You can analyse the past, but you have to design the future ~ Edward de Bono A multiple is simply expression of market value of an asset relative to a key statistic that is assumed to relate to that value Here are some of the most common multiples used in evaluating a business : 1.Earnings of the asset –Price/Earnings Ratio (PE) and variants (PEG and Relative PE) –Value/EBIT –Value/EBITDA –Value/Cash Flow 2.Book value of the asset –Price/Book Value(of Equity) (PBV) –Value/ Book Value of Assets
–Value/Replacement Cost (Tobin’s Q)
3.Revenues generated by the asset –Price/Sales per Share (PS) –Value/Sales 5.Asset or Industry Specific Variable , specific to the industry make analysis relevant. –Price/kwh –Price per ton of production –Price per subscriber –Price per click –In PR industry – pricing based on coverage –Pb with sector specific multiples – One needs to be careful if industry is mis priced
We really want relationship to cash flows!!!
Comparisons which matter in Valuation
– We cannot compare profit margins ((NP margin / Gross Profit Margin)) across industries because profit margins is useful for comparing companies within an industry and not across. .– However we can compare (ROE or ROIC) across industries since ultimately investors and entrepreneurs chase return on investments, it makes sense to compare them across industries.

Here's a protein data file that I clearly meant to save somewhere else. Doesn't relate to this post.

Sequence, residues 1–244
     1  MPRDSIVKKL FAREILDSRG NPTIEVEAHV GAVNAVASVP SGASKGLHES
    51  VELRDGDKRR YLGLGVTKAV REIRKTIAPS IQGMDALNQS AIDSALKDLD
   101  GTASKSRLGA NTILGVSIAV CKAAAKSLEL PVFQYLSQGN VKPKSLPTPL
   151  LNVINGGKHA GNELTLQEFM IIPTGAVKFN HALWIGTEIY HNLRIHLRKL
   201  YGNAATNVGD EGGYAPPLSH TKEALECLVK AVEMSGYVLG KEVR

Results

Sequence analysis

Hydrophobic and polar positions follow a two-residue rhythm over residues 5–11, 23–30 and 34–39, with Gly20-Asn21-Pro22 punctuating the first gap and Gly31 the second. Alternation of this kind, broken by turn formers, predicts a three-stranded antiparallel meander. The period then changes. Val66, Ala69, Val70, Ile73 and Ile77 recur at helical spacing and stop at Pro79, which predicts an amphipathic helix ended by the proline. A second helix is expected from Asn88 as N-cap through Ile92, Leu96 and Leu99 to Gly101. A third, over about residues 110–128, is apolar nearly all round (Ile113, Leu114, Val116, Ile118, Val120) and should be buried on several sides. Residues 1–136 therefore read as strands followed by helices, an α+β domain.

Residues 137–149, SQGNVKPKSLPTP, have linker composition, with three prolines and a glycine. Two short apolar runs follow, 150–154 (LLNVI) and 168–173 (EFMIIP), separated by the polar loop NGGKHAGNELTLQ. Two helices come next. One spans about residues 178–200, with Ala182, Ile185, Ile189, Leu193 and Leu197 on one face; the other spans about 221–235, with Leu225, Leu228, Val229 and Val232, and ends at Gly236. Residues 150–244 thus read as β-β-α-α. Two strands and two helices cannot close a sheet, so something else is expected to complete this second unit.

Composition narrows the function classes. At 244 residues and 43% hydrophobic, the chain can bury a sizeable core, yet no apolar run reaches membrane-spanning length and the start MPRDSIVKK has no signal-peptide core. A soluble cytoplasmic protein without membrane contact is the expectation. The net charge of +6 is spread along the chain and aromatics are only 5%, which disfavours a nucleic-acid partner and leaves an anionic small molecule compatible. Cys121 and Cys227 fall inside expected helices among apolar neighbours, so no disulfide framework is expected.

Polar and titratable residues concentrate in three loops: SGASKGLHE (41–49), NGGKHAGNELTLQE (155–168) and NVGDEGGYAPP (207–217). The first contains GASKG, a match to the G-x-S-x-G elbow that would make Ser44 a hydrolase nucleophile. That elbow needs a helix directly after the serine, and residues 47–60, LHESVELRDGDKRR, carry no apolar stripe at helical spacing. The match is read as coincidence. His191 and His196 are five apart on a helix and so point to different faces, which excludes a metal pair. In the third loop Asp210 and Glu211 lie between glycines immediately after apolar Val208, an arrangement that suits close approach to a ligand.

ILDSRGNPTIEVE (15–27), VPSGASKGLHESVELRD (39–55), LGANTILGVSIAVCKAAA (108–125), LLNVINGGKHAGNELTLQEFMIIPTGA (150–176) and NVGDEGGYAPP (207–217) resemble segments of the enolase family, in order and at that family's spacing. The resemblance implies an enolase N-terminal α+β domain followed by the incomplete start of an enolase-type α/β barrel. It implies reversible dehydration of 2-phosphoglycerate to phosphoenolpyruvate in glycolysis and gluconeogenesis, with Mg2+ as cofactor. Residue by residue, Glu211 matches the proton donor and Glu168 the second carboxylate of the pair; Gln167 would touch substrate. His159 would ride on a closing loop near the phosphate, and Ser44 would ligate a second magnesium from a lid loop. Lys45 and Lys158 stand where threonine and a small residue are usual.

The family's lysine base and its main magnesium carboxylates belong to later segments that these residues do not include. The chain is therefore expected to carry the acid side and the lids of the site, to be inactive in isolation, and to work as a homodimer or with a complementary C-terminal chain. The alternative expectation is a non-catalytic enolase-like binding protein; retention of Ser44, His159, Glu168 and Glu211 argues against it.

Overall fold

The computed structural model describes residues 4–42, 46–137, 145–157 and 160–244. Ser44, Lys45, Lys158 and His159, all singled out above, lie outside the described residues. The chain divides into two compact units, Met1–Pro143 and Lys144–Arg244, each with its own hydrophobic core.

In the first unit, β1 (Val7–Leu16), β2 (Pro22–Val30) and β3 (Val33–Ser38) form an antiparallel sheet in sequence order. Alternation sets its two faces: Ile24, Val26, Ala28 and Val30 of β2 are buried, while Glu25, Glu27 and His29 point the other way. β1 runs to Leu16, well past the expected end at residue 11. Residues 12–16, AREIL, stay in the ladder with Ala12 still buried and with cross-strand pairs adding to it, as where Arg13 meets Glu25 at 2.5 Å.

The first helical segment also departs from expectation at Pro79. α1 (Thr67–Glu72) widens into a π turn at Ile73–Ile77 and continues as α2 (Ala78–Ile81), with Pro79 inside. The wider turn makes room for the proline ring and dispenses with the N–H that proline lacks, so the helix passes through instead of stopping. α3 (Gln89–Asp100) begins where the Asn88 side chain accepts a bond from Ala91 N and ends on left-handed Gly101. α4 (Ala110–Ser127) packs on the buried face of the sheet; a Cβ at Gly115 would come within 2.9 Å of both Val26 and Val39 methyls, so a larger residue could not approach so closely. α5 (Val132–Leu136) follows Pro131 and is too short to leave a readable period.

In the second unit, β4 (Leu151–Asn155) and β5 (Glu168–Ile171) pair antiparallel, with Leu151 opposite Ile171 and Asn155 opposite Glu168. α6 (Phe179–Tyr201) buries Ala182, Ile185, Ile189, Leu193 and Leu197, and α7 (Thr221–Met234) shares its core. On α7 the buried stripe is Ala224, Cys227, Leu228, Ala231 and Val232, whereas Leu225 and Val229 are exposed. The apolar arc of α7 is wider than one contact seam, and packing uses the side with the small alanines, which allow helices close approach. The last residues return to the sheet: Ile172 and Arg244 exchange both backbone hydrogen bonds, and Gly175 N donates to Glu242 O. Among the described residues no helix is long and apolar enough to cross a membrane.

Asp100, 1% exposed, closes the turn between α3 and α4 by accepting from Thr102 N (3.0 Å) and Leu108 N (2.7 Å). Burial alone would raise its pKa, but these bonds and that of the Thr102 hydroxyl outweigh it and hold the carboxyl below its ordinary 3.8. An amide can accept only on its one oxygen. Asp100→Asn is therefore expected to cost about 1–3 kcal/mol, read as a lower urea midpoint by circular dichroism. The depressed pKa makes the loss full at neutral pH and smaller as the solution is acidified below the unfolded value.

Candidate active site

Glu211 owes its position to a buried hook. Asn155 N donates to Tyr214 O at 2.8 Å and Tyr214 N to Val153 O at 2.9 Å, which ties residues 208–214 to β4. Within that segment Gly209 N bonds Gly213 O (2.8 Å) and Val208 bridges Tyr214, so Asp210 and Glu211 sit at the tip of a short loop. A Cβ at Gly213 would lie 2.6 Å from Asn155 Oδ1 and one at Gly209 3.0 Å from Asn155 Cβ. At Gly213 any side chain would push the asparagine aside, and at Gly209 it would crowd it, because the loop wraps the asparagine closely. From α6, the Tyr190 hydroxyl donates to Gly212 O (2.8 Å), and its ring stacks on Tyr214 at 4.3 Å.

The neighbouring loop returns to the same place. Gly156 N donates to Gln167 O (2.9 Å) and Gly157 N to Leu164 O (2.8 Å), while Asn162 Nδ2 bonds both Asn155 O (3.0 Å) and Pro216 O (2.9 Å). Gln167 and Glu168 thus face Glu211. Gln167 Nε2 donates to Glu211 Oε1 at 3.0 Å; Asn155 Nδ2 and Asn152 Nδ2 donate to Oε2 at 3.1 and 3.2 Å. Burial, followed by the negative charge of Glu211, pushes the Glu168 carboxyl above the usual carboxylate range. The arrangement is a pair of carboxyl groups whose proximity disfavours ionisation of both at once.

.– But investments need not necessarily be made into the industries with highest RoE. Both RoE as well as the quantum of capital that can be deployed have to be studied.
– Similarly if two companies in the same industry have different depreciation policies and operate in different tax environments, it makes sense to use EBIT(1-t) to factor in (remove) the tax impact / depreciation impact and then compare . – This will also imply that cost of total capital should be compared to RoIC and cost of equity to RoE and the two should not be mixed and matched More information and an Interesting note on relative valuation here